2. If you asked the average temporarily able-bodied person on the street, he or she would probably have to struggle to come up with more than two famous people with disabilities (Helen Keller is well-known, as is Louis Braille, but he is less so. Temple Grandin has become more well-known, but often not outside of autism spectrum circles. As to other famous people with disabilities, I’m even having trouble coming up with more). The sad truth is that disability still carries a stigma of “can’t,” “won’t,” and “never will,” and so some people have not accepted PWDs can be famous and accomplish great things. When this does happen, it’s sometimes used as inspiration discrimination, or only in certain venues (ex.: producers only allowing actors with disabilities to play characters that have the same disability. Now, sometimes this “works,” as with Chris Burke, an actor who has Down Syndrome. Still, it undermines that person’s wholeness and abilities. And often, those actors are placed in roles where their characters engage in stereotypical behavior).

The argument that “we need disability awareness so PWDs can be noticed”–well, that goes both ways. If you don’t notice someone until you’re told by the calendar to be aware of that person’s existence, what does that say about you and your society? And that goes for any minority, not just people with disabilities. That argument also applies to the theory that temporarily able-bodied people will be educated about disabilities and feel more favorable about inclusion if disability awareness exists. Yes, in a lot of cases, that might be true–or it might not. After all, if little Larry, who sat through twelve years of Black History Month in school, still uses racial slurs, he may have been educated, but he didn’t learn.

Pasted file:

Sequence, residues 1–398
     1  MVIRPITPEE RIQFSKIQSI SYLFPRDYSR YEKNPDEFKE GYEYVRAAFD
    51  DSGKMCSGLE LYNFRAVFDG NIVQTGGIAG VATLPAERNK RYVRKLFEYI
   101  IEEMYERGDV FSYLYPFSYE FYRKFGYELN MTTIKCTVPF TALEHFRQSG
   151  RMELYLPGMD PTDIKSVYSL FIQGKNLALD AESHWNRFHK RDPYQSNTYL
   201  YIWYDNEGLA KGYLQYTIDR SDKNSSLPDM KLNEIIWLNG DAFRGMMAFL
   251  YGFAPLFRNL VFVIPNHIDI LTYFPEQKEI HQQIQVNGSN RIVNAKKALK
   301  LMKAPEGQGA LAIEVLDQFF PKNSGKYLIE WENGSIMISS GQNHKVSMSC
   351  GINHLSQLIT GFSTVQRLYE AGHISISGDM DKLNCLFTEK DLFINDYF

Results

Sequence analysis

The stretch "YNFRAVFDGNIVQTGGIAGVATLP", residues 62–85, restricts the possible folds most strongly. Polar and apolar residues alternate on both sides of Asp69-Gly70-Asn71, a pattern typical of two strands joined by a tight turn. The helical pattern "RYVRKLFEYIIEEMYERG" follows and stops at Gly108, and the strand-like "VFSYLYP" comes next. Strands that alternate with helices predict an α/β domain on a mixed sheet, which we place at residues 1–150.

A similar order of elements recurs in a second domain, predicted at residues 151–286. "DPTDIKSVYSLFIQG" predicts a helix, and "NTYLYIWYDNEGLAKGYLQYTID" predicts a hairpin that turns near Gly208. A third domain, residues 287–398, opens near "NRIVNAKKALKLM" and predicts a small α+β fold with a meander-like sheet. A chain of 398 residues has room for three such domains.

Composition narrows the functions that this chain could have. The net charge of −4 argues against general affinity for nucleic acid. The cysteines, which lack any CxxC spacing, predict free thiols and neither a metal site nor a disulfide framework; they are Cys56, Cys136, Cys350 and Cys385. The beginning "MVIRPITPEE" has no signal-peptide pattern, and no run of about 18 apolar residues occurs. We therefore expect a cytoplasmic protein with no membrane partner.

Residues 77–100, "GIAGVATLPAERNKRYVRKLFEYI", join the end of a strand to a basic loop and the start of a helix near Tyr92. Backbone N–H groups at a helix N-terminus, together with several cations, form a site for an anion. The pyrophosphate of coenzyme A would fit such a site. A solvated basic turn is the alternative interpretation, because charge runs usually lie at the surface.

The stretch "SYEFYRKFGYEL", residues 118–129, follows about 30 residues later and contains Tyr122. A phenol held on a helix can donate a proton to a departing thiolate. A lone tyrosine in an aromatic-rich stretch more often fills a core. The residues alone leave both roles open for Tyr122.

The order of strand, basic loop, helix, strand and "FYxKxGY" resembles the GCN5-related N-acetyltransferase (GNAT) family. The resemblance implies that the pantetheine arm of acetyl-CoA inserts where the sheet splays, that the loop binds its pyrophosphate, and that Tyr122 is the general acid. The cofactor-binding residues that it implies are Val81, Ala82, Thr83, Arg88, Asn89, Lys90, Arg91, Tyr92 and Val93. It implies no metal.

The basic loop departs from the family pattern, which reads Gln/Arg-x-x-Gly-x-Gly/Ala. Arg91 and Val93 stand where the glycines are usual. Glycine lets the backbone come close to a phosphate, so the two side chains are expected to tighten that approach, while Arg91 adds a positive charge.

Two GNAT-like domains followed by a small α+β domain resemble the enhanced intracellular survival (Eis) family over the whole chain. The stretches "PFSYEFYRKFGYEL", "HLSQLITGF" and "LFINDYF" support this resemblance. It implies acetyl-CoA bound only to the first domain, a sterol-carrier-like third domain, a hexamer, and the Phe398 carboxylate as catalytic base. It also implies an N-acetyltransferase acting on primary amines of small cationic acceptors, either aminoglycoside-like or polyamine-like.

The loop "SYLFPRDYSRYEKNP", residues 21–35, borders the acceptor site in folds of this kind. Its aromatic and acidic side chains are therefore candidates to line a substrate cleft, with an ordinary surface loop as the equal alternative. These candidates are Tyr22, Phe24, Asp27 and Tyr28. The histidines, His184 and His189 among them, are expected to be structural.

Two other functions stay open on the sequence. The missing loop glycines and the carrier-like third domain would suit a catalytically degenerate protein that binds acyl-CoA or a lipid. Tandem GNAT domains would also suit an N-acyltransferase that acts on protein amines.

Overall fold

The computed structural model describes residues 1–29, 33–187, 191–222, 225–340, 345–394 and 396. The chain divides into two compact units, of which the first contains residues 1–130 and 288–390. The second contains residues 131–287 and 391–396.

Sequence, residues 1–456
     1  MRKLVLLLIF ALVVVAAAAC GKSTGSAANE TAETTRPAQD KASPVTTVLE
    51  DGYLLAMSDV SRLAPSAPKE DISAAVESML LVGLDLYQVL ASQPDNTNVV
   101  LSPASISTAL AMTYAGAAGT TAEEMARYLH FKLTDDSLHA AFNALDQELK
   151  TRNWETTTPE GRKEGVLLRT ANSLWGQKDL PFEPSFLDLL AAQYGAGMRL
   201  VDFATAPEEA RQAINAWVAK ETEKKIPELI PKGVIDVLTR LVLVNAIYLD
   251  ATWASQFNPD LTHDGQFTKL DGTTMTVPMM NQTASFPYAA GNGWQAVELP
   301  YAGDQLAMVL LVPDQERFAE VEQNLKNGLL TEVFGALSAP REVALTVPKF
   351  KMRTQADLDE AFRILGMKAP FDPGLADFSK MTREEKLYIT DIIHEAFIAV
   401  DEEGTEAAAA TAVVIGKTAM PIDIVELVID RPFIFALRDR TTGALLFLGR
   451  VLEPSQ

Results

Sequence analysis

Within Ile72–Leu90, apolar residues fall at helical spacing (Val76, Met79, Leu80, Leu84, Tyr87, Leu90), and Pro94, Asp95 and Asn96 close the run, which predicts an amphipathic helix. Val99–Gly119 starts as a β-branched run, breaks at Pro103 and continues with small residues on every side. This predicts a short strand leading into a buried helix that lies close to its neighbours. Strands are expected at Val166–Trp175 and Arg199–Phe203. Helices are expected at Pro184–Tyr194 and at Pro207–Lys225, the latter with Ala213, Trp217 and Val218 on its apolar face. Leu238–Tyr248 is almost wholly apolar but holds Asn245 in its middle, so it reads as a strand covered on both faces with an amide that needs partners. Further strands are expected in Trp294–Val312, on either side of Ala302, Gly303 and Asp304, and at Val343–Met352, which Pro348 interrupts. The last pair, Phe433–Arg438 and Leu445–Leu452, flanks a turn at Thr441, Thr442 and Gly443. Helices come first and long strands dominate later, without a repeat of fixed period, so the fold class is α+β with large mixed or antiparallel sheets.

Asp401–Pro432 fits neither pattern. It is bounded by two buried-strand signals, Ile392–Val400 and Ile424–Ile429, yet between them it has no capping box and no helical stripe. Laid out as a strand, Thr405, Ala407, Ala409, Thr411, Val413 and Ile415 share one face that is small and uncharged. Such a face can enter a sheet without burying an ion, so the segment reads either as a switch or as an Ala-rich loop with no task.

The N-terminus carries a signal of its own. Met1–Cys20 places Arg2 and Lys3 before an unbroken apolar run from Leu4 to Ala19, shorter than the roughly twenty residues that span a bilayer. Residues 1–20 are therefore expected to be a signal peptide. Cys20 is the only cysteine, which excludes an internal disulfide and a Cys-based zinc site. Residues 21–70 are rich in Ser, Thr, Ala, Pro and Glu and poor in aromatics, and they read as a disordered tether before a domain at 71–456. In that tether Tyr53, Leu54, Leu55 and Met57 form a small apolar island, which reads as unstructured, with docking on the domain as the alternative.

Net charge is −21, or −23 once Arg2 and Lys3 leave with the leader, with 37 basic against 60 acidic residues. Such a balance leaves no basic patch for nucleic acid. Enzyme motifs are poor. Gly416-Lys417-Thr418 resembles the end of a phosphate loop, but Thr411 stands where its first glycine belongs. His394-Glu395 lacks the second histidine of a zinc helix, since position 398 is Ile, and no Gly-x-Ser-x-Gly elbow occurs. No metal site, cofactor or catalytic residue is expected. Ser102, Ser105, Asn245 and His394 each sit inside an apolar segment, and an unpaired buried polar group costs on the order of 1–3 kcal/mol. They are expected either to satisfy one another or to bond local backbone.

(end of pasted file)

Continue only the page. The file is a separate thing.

So, there you have a basic look at both sides of this issue. Again, one’s feelings about disability awareness periods are up to the individual, so I’m not going to make a judgment call. However, I am going to say this: when we deal with disability awareness, we all, including myself, need to take a look at what we’re asking the general population to be aware of, to really see. That is, are we encouraging each other to look at a given disability and say, “Oh, isn’t that terrible? I hope there’s a cure soon. It must be so hard to live like that.” Or are we encouraging people to look and say, “Wow. Look at what that person can do, with a disability, not in spite of it. I want to do the kinds of things she’s doing. I want to learn more about the disability he has so I can relate to him better and share with others what I have learned.” By the way, this goes for stuff like cancer awareness, as well. Yes, cancer is awful. Yes, disabilities can be awful, and a struggle. But that’s not where our focus should be.

Now, am I bashing people who react to disability awareness with hope for cures? No. I would love to have a cure for CP someday (see the December 2011 archives for more on that). But I would rather people go through Cerebral Palsy Awareness Month and see me, want to get to know me, rather than telling me how much they hope for a cure. I’m guessing other PWDs feel similarly.

Do we need disability awareness? I’m not sure. But we need human being awareness, and not just for a month–every day.

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Comments on: "The Big Picture: What is “Disability Awareness” Encouraging People to See?" (2)

  1. Hi there! I have a quick question about awareness and was hoping you could email me when you have a free moment? Can’t wait to hear from you! Thanks! 🙂 xoxo

    Heather